“The rapid sale of those show homes caused these developers to fund May’s own design and construction of houses in the 1930s,” she said.

The Cliff May-designed Col. OHB and Gladys Trenchard House is at 6126 Avenida Cresta in La Jolla.
(Courtesy)

Some of the dynamics that influenced May and his colleagues of the time, she said, were San Diego’s “Spanish aesthetic, an appreciation for the region’s natural beauty and climate, and the local craft and trade talent.”

Once May started designing and building houses, he made 50 in five years.

The key themes in his design included “following the topography in that his homes hugged and followed the lots they sat on, integrated indoor/outdoor space … and a rustic simplicity in design, construction and materials.”

And while his style evolved over the years to become “more sleek,” he stuck with the core principles of following topography, Baratz said.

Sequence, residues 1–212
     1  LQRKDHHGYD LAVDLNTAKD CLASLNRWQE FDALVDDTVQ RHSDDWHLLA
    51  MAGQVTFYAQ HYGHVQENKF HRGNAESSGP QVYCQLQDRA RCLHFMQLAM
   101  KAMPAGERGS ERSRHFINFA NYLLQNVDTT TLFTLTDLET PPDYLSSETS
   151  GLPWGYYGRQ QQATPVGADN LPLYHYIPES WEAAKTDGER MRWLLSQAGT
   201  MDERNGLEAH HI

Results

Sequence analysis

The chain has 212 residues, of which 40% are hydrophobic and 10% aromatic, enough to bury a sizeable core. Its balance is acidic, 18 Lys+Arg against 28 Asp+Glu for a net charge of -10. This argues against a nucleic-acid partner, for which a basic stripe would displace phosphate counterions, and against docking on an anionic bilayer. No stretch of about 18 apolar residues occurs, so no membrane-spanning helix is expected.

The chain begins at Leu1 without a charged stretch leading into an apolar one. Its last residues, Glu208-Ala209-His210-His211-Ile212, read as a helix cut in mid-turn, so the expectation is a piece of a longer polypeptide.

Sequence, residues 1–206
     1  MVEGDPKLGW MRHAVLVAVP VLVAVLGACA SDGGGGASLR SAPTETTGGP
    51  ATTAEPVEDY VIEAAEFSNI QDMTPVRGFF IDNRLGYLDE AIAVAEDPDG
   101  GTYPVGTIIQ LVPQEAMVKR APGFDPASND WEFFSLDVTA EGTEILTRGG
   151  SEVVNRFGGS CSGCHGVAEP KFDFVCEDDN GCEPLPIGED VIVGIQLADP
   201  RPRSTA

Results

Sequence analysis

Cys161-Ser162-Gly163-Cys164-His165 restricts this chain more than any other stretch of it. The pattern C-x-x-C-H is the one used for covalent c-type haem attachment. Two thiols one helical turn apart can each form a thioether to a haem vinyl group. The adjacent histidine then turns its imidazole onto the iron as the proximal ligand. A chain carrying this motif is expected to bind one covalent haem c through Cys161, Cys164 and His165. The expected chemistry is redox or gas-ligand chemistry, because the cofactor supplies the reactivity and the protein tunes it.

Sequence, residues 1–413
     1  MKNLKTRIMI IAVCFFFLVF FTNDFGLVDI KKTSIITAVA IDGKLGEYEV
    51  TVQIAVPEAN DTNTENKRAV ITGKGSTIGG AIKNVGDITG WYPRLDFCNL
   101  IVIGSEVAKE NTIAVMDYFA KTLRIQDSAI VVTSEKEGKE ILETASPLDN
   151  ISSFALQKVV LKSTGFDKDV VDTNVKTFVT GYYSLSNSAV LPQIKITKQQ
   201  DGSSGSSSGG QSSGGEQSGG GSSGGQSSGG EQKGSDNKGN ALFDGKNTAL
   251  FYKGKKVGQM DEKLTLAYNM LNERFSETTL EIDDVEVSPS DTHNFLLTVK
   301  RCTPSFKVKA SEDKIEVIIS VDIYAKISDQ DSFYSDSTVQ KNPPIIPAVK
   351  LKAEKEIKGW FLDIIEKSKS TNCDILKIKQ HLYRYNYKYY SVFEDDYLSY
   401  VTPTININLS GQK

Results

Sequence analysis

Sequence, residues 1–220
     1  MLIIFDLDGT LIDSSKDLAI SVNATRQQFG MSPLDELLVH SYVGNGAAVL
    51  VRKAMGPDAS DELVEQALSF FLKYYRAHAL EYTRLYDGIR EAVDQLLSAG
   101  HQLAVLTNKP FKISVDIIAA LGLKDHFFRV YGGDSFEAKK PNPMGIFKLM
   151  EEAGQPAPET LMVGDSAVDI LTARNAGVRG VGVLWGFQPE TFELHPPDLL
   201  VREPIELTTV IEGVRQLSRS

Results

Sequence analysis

May “rarely scraped a lot to build upon it, but rather had his house follow the lay of the land,” she said. He used false chimneys to mark changes in elevation, brought the outdoors in with U-shaped construction to create a courtyard and planted his signature olive trees on the property.

“There are several Cliff May homes in La Jolla’s early neighborhoods,” Baratz said. “May built four homes on a single block of Avenida Cresta in the 1930s. Two of these homes were historically designated in the last few years.”

Florence Palmer

After her divorce from her husband in the 1920s, architect Palmer went on to design a spec house (one built by the architect without an owner and sold right away) in La Jolla’s Barber Tract. It was one of her first properties on her own and was identified as “Florence Palmer Spec House No. 2.” The home on Olivetas Avenue was designated historic last year.